Kevin Durant: National Player of the Year?

    
January 13th, 2007

The remarkable impact of the freshmen class.

It hasn’t just been a story in this college basketball season, it has been the story.

The volleyball-sensation-turned-basketball-wunderkind out West. The Carolina kids with Lottery futures. And, of course, Greg Oden and Thad Matta’s merry men. Merry young men, that is.

But of all the first-year standouts who have exceeded what it really means to stand out, one is making much more than a name for himself. He is making a case for history.

Kevin Durant, of the University of Texas, should be honored as the National Player of the Year.

He’s clearly the best player in the Big 12. His team is younger than the average college student in line for a fake ID, yet Durant’s led Texas to an 11-3 record. Junior guard Craig Winder plays less than nine minutes a game and that’s still more than any other Longhorn with more than two years experience.

Oh, and Durant’s numbers are of the shock-and-awe variety.

Consider the following three players:

A) 24.8 ppg, 9.0 rpg, 2.0 apg, 1.8 spg, 1.9 bpg, 58.3 FG%

B) 23.4 ppg, 10.9 rpg, 1.8 apg, 1.5 spg, 1.9 bpg, 49.4 FG%

C) 22.2 ppg, 10.0 rpg, 2.2 apg, 1.6 spg, 0.9 bpg, 45.3 FG%

Care to guess who they are?

Carmelo Anthony’s 2002-2003 season – the best by a frosh at any major program in recent memory – is C.

Danny Manning’s senior season (1987-1988) – otherwise known as the indisputable argument for his selection as the Big Eight Player of the Decade – is A.

Durant’s current season of ascendance is B.

Quite simply, the Texas star is having a season better than Anthony did as a freshman and on par with what Manning willed as a senior; two of the finest runs in college basketball lore.

Yet somehow Durant’s resume might not get him rewarded with a measly trophy. No freshman has ever won the Wooden or the Naismith. Heck, the most impactful freshmen of the last twenty years –Anthony, Mike Bibby, and Pervis Ellison – never even received conference Player of the Year honors, never mind national recognition. This despite leading their teams to national championships.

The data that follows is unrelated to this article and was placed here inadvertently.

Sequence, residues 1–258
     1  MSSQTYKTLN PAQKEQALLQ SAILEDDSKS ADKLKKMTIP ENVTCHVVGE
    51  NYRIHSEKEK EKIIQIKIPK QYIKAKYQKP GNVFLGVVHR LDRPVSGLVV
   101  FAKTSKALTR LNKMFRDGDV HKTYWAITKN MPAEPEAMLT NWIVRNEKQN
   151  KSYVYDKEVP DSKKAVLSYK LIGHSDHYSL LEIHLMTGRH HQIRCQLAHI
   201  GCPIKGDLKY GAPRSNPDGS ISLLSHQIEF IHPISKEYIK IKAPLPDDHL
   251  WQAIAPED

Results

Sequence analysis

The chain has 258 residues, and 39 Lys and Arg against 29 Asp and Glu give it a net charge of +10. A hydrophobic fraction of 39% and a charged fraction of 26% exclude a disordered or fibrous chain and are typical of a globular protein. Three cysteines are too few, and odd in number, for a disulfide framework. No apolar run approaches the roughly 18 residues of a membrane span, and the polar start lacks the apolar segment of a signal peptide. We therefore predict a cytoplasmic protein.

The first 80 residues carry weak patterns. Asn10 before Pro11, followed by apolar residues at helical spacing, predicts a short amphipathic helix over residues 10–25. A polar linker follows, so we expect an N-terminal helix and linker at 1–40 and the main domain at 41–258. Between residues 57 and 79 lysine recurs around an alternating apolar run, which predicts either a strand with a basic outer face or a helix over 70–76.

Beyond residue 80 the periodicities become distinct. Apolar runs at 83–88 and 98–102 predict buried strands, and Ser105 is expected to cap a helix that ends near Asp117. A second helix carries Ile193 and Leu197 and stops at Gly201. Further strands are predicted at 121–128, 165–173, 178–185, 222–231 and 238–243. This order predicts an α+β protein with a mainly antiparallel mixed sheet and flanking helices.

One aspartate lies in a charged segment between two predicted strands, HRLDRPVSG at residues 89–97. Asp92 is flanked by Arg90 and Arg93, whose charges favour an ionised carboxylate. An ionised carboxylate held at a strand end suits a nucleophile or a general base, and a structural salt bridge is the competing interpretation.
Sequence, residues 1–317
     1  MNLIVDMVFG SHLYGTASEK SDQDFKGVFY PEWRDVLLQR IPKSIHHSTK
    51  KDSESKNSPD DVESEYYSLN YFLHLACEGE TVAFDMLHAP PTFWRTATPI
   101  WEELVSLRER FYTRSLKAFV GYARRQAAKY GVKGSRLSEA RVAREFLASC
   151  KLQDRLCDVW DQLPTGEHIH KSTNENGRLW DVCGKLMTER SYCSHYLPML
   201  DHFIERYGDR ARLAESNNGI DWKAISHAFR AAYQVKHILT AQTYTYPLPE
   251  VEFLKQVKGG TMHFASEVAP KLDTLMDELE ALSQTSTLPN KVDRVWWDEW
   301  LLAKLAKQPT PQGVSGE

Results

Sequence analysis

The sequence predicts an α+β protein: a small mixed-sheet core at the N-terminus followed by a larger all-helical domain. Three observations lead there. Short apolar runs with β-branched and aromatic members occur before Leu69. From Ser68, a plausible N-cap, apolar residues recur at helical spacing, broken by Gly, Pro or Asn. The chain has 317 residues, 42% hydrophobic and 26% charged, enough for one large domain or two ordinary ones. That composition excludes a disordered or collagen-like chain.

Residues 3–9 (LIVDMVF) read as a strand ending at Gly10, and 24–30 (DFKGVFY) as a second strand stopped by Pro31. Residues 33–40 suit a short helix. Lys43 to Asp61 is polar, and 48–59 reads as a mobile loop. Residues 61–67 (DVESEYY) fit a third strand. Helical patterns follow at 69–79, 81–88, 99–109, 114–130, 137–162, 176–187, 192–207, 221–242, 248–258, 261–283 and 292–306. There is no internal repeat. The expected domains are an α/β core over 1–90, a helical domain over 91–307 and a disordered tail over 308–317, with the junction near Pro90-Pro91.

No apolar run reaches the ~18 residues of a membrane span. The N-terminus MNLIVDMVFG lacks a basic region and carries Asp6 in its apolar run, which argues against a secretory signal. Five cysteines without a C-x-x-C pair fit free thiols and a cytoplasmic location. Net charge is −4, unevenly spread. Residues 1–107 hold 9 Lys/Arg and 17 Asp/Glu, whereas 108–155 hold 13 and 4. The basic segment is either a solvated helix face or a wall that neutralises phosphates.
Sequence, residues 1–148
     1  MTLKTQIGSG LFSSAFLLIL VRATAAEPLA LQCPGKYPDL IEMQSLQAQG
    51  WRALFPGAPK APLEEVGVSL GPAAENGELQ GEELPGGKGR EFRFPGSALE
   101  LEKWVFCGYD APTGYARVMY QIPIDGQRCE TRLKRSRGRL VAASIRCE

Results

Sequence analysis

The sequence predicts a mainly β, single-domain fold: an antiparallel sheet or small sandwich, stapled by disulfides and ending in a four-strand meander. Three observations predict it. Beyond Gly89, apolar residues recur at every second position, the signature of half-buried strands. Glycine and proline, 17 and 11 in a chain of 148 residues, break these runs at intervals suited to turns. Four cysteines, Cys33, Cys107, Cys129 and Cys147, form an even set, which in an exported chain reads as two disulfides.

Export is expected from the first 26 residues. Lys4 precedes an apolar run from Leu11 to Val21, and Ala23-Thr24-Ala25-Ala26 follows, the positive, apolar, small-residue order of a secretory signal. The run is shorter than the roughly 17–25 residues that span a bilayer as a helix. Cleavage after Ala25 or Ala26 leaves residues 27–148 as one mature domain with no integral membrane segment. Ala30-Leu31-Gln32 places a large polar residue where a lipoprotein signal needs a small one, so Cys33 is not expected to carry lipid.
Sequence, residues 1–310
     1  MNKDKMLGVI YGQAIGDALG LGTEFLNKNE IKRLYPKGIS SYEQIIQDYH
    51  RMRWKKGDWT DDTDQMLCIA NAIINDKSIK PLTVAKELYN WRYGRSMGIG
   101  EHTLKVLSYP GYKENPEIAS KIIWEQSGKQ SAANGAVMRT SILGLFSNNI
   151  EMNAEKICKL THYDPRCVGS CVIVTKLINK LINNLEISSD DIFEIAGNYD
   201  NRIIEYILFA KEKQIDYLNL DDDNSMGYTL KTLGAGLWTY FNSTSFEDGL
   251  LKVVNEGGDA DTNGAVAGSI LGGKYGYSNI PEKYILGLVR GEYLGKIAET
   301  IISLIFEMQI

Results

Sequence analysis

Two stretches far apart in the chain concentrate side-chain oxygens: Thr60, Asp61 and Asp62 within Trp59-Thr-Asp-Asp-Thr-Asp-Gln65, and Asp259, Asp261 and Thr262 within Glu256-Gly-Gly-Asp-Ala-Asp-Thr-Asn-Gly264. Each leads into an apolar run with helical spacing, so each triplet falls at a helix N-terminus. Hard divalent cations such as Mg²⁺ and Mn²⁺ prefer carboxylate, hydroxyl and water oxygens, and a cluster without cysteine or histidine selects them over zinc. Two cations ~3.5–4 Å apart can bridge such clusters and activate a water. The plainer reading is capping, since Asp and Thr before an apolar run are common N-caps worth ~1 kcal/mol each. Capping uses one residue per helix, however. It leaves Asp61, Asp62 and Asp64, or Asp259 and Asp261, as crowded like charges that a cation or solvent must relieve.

Part of the reason for the drought of freshmen accolades is their gaping hole in the college hoops encyclopedia. The Naismith College Player of the Year was first awarded in 1969 (the John R. Wooden Award was introduced in 1977), but freshmen were ineligible to compete from 1957 to 1973. Certainly Bill Walton could’ve been a trophy-holder had he played as a first-year student. Might as well say the same for “Pistol” Pete Maravich and Lew Alcindor, had they been eligible and the award been available.

But now freshmen aren’t just playing with the varsity, they’re toying with them. And no one – in any class – is more deserving of college basketball’s highest honor than Durant is. He hasn’t just been the best player in the country; he’s been the most consistent. And isn’t that who the Naismith and Wooden Awards should go to?

Durant does have some forefathers, though.

In 1970, Spencer Haywood challenged the professional ranks to allow collegiate underclassmen entrance. His legal action practically served as a hand gesture luring others to join him. Four years later, Moses Malone skipped college to play in the ABA. The following year Darryl Dawkins and Bill Willougby became the first high school players drafted into the NBA.

But it was Kevin Garnett who really opened up the preps-to-pros floodgates. When Garnett declared in 1995, the world of high school basketball took notice. And then the prodigies (Kobe Bryant, Jermaine O’Neal, Tracy McGrady, Amare Stoudemire, and Dwight Howard, to name a few) and the not-so-wise (Leon Smith, Ndubi Ebi, and DeAngelo Collins) followed him.

So while many credit the NBA’s “age minimum” rule for the infestation of young guns on this season’s college basketball landscape, Garnett is probably even more – albeit indirectly – responsible. Every single one of these dominant 18 and 19-year olds didn’t get to choose between college and the pros because David Stern chose for them. But it was Garnett’s influence on this younger generation that forced Stern’s hand.

How fitting that the superstar Kevin of yesteryear – the player Durant is most often compared to – is also the primary reason the boyish Kevin is in college and, thus, in position to break new ground himself?

Last year’s high school class was clearly a collection of unmatched brilliance and the new draft rule forced all of them to go to college. The rare mixture of talent and timing was a Molotov cocktail and Durant was the perfect match to set this whole thing ablaze.

In a season drenched in historical significance, the man honored as the Player of the Year shouldn’t be a man at all.

It should be a kid.

A kid making history.